Four decades since the Soviet invasion of Afghanistan, the country continues to teeter precariously between war and peace, with lives being lost in an ongoing conflict day and night.
On Dec. 27, 1979, special forces of the Red Army disguised as Afghan soldiers assassinated President Hafizullah Amin and occupied key government installations in Kabul, thus beginning the brazen Soviet invasion of Afghanistan and establishing a bloody war theater for generations of Afghans to come with dreadful global implications.
“I can recall that day just like yesterday. It still makes me shiver,” retired Brig. Mohammad Arif, an Afghan National Army veteran, said.
“There was an unusual movement of troops during the day, and in the evening, Radio Kabul all of a sudden started broadcasting from [the former Soviet state of] Uzbekistan and announced the details of the invasion and fall of Amin,” he said.
Arif, who lost a number of close and distant relatives in the ensuing conflict, linked the episodes of death and destruction from the ongoing Taliban-led insurgency and earlier rise of the Taliban as well as the civil war of the 1990s with the events surrounding the Soviet invasion.
“Two of my brothers were killed by the Mujahideen,” he said, referring to anti-Soviet rebels supported by the Muslim world and the West.
“Many of my distant relatives were killed in operations by [pro-Soviet] government forces. We continue to witness the killing of Afghans on both sides even today,” he said, referring to pro-government forces and Taliban rebels.
Well over 2 million Afghans have been killed since 1978, according to the Afghanistan Centre for Memory and Dialogue (ACMD). The ACMD strives to preserve the memory of these victims through their belongings, ranging from the bloodstained clothes and personal diaries of soldiers and civilians to the dolls and toys of children. These tragic reminders are well-kept in ‘memory boxes’ of glass on display in a museum not far from the iconic Darul Aman and Tajbeg palaces in Kabul, which were the primary sites of the Soviet invasion and assassination of President Amin.
The Soviet forces withdrew from Afghanistan in 1989 thanks to the jihad by Afghans with generous support from the Muslim world and the West, and Afghans take deep pride in driving the Soviets from their country.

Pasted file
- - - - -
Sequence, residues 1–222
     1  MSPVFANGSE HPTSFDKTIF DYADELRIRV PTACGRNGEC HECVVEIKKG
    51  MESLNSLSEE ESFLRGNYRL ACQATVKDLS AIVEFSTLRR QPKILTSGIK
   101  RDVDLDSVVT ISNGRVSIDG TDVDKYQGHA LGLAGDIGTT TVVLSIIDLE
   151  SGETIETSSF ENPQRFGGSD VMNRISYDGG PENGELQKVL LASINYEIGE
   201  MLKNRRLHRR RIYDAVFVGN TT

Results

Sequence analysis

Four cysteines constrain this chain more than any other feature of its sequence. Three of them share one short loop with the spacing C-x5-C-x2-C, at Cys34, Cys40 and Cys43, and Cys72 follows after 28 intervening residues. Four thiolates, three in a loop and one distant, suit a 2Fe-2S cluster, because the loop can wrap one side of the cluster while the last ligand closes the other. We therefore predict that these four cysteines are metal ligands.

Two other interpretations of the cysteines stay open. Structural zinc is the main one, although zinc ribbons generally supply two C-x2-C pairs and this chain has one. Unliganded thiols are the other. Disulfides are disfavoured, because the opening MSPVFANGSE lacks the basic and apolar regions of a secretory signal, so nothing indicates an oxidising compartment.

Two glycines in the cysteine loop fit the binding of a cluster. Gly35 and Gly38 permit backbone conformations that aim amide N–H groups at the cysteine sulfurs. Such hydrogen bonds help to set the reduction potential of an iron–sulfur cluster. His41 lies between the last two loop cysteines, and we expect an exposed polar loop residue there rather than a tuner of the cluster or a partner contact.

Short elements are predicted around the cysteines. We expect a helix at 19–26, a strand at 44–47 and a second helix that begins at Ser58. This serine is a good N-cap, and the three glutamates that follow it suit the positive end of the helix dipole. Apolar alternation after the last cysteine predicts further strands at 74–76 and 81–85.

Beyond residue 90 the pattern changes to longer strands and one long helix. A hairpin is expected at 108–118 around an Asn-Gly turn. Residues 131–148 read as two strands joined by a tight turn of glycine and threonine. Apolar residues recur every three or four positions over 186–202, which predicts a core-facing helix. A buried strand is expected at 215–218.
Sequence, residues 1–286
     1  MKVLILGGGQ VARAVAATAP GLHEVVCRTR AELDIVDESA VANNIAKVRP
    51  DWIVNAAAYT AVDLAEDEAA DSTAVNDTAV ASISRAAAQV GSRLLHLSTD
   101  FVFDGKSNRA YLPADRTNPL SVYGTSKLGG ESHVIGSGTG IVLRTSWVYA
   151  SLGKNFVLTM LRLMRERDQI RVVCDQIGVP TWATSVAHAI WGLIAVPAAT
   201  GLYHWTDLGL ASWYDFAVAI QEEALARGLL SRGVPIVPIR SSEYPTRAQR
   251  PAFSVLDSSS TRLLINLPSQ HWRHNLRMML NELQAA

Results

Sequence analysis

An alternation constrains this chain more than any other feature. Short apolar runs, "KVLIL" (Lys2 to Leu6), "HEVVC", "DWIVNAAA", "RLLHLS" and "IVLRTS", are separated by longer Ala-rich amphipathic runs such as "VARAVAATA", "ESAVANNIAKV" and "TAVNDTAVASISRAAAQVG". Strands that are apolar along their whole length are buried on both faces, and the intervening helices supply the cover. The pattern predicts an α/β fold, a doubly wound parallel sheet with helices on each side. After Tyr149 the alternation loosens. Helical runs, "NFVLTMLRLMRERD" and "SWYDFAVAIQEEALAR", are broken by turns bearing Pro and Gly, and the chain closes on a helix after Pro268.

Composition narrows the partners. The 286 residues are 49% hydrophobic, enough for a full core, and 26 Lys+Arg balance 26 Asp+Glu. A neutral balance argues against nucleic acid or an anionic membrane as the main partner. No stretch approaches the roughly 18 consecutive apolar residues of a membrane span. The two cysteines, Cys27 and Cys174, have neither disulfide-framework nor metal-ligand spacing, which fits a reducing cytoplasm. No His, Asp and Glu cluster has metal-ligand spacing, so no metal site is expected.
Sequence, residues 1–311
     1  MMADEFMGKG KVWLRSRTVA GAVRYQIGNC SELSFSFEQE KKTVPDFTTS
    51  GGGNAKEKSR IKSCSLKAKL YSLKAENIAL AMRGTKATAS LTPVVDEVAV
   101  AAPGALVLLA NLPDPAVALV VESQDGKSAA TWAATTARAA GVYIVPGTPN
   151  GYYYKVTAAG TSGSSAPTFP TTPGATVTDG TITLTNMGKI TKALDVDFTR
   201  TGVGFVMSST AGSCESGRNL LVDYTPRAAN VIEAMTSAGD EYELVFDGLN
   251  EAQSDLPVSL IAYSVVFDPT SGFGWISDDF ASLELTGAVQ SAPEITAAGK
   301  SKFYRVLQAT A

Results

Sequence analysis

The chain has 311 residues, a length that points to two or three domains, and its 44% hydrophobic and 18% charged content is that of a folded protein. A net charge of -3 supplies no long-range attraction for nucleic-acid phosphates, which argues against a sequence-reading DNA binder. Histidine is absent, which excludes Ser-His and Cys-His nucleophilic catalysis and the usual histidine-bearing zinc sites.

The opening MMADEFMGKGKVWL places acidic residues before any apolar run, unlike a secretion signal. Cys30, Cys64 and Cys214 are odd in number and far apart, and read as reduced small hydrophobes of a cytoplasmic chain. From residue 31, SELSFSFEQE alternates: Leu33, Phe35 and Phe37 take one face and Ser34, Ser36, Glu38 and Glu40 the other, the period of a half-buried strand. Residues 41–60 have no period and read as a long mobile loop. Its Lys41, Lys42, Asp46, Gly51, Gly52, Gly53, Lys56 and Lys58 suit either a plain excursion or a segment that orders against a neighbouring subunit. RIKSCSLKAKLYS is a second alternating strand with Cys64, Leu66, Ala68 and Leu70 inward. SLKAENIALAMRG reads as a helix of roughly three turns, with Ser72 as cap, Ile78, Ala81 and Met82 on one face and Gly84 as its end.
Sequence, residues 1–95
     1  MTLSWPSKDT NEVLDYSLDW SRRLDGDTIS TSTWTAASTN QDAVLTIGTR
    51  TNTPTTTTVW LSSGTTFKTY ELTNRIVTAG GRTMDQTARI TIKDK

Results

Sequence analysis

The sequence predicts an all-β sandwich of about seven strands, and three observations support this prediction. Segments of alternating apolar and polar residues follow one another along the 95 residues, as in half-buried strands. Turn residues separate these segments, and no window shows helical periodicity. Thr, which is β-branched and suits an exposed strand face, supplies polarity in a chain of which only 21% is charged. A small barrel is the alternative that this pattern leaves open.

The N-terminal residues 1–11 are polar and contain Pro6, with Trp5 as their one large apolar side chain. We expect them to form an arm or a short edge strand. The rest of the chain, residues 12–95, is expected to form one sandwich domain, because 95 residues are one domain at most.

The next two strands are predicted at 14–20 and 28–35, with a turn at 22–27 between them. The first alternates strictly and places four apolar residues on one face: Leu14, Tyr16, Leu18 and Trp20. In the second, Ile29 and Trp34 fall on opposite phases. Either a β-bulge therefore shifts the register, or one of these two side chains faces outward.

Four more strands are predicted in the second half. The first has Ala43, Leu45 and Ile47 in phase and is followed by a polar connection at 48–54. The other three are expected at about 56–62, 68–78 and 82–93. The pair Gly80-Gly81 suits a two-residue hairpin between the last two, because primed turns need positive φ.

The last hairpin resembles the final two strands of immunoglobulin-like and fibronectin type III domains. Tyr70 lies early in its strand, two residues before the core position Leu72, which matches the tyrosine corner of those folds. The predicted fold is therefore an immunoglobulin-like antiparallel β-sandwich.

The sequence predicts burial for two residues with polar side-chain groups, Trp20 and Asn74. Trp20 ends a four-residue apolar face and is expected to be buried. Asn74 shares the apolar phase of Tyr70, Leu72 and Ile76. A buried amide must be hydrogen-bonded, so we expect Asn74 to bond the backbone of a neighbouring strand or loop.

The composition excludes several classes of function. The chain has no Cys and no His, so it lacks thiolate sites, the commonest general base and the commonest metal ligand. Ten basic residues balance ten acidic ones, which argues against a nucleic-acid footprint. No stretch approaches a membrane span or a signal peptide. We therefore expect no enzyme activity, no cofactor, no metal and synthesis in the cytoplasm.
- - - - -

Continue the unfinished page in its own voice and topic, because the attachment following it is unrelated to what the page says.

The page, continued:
“Without putting an end to the culture of impunity for all the war crimes and crimes against humanity, this vicious cycle cannot be stopped,” said Nezam Uddin, director of the Peace and Human Rights Organization, who strongly supports the opening of an investigation by the International Court of Justice into the crimes committed by the Taliban, Afghan forces and U.S. actors in the context of the armed conflict in Afghanistan.
Last month, U.S. President Donald Trump granted clemency to two U.S. army officers who were convicted of or charged with war crimes in Afghanistan.
A full pardon was granted to 1st Lt. Clint Lorance, who had ordered soldiers under his command to open fire on three men who were moving toward them on a motorcycle “with unusual speed,” according to a White House statement. Lorance was originally convicted of killing two men in the incident.
Trump also pardoned Maj. Matthew Golsteyn, a Green Beret who was charged with an unlawful killing in Afghanistan and was facing a court martial, the White House statement said.
Prior to this, under former Afghan President Hamid Karzai, a controversial "National Stability and Reconciliation" bill was passed by both houses of the Afghan parliament that gives blanket immunity from prosecution for serious violations of human rights, including war crimes and crimes against humanity committed in the past 30 years.
In the past 10 years alone, according to the UN, more than 100,000 civilians were killed or injured in Afghanistan, with many more displaced.
Much to the disappointment of people like human rights activist Nezam Uddin, the International Criminal Court (ICC) on April 12, 2019 rejected an appeal to open an investigation into the situation in Afghanistan on the grounds that it would not serve “the interests of justice.”
Under the current Western-backed government in Kabul, President Mohammad Ashraf Ghani has made rejuvenated yet fragile peace talks with the Taliban conditional with a nationwide ceasefire, a plea so far disregarded by the insurgents, who are bent on driving the “invaders” -- this time, the Americans -- out of Afghanistan.
© Copyright Andolu Ajansi